(Ideally, it’s a moot issue unless she goes broody again.  Which is possible.  Abby’s on her 4th broody and Claire keeps thinking about it,but I keep taking eggs away from her.  It’s too cold now for little little chicks.)

Chicks!

So here’s an update on all the chicks.   Abby’s and Ashley’s both.

So, I’ll start with Abby’s chicks.  Most of her eggs hatched yesterday, a day early.

Five of them hatched yesterday, and Abby held on to the other egg until mid morning and then she moved off the nest to eat and drink.  When she does that, I know the egg won’t hatch, so I removed it.

Of the five remaining babies, one of them passed sometime this afternoon.  I found it when I came back from grocery shopping.  Sad because it was the cutest one (IHMO) and the one I liked the looks of the best.

I am very disappointed about the little yellow-ish colored one. He was different looking from the others.

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Pip!

Okay, so Pip isn’t one of Abby’s new Littles, but he washer very first Little.  He spent most of yesterday going in and out of the coop, pacing and just seemed to be hanging out. He and Abby have a special bond. I have often observed that even though most people don’t give chickens credit for ‘family ties’ in the way we humans think of family, Pip and Abby seem to have it.  He has ‘helped’ watch after her other hatches, being the protective big brother to Pavel, Hershey and the Boys all summer.  He is respectful of her.  In my mind, he was pacing the coop yesterday because he could hear the change in her soft buck-bucks and hear the peeps of the babies,and he knew that his Momma was having her babies.

Today is a different story and he was outside helping Papa Dots watch over the flock!  But yesterday he was waiting to be a big brother again. Pip, btw, will be 1 year old on the 29th. Happy Birthday, Baby Boy!

Now… Ashley’s babies… some of whom could either be Pip’s little siblings or offspring depending on which hens mated with which rooster… are going to be four weeks old this Sunday.

They are STILL here. They are, however, very difficult to ‘pen down’ to get pictures of. Ashley has kind of reared them to be wild.   I walk out to watch them and they run as far away from me as they can.

I did manage to scoop them up and get some comparative pictures tonight, so we can see how they are, and make some early guesses on Hen or Roo.

First up here is Miracle Max.  Max is the biggest.  No longer yellow, he is mostly white, reminding me a lot of Eugenie.  He (I’m guessing Roo) has a big comb, which is already slightly pinkish and the beginnings of jowly wattles.

This one is is Dalmie #1.   She has a black spot on her back and a little higher up on her shoulders, otherwise all white. Smaller comb and almost non-existent wattles. She’s slim in body and has slightly more slender legs.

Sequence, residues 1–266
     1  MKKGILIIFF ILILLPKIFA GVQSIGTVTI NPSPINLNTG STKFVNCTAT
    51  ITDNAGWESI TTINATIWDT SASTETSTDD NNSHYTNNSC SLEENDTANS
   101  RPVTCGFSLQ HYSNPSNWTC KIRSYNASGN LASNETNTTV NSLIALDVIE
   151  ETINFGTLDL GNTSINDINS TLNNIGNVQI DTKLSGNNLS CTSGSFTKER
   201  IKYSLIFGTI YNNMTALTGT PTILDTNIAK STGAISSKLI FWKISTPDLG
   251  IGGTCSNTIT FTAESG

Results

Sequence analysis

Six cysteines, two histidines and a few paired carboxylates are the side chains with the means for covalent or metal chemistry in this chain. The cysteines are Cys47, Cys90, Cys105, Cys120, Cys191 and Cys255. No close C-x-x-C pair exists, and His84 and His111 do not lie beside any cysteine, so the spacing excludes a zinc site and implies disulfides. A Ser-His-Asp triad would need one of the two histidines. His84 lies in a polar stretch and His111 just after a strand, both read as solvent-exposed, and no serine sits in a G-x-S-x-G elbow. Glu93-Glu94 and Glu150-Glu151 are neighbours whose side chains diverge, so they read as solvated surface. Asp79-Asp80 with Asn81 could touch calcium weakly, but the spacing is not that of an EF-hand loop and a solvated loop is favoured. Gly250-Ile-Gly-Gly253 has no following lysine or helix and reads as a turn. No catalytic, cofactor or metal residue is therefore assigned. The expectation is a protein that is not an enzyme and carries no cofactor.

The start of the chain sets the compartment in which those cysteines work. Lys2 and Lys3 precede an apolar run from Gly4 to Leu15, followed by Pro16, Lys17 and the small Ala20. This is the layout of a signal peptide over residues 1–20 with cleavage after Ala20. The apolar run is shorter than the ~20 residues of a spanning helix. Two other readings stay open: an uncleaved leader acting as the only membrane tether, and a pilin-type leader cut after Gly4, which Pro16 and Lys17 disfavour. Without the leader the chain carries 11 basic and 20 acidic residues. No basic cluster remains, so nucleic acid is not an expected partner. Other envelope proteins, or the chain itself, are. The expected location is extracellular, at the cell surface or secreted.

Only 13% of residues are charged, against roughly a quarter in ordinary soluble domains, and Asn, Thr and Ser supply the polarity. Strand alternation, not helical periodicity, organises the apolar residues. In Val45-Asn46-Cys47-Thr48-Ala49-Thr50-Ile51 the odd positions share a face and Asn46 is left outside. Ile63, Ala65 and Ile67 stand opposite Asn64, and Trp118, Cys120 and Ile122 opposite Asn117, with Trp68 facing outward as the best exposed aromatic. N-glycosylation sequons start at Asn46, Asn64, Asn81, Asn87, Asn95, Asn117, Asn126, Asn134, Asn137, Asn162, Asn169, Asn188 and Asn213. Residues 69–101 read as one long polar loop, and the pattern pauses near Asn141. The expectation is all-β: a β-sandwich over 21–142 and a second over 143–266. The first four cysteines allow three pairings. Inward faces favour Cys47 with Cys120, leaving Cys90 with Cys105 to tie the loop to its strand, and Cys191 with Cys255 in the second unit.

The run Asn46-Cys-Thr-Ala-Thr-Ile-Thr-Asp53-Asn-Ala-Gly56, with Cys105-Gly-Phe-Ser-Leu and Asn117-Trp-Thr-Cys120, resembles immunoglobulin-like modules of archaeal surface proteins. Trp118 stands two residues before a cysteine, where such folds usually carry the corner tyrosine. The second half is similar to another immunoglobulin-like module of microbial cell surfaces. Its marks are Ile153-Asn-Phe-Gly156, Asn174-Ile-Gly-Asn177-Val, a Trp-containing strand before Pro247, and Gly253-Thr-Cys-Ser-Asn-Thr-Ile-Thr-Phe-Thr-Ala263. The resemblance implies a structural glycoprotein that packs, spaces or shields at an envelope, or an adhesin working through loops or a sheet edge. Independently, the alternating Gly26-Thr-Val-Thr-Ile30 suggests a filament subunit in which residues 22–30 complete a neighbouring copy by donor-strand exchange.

In case you can’t guess, I’m betting on a little henny with this one.

This is the Dalmie #2.  He has a big comb and the start of jowly wattles, but his comb isn’t as pink as Max’s.   He’s mostly white, but with a strip of black in his tail and a splotch of up in his hackle feathers.

I included a picture of his feet. Both of the Dalmie’s have slightly grey legs.  It’s like a combination of the Golden Comet yellow with the grey of the Australorp.   I’m willing to bet anything that the Dalmies are white Australorp crosses.

 

This is Felicia, aka the Cinnamon Bun.  I promised a friend I would name one Bye Felicia… and this is the one we chose to bear that name… and I can’t decide if Felicia is really Felicia…. or Felipe.   Smaller comb, but bigger than Dalmie #1’s.  Slightly noticeable jowls… but not quite.

This chick also is one of the bolder of the four, and I’ve seen him/her butt chests with Max.  That’s usually a sign of a boy, except that I’ve seen hens do it, too, even at that age.

Felicia is my Question Mark.  Hen, Roo… this chick is going to keep me guessing.

And while you all are guessing … here’s a video I took this morning of the four of them, plus Ashley, playing  a rousing game of “It’s mine! It’s mine!” with something they foraged out of the grass.

 

One of these days, I need to write down my thoughts on the different types of chicken parenting I have observed this year. Abby, Claire and Ashley each have exhibited vastly different styles of chick raising. Abby is a helicopter mom, always close to her chicks, always near by. Vicious if you threaten them. She isn’t afraid to lay into the hen or rooster who get close to her babies. She barely trusts me with them. Claire is an overseer, who leads her babies outside,demonstrates skills and watches them practice til they learn. She lets them roam, but guards the space she’s designated as theirs. No one goes in or out without her leave. Ashley is very hands off and scatter brained. Her babies follow her, learn from watching, but she often just wanders off and leaves them alone while she forages elsewhere. They freak out, cry and cry until she returns. Vastly different from my other mother hens.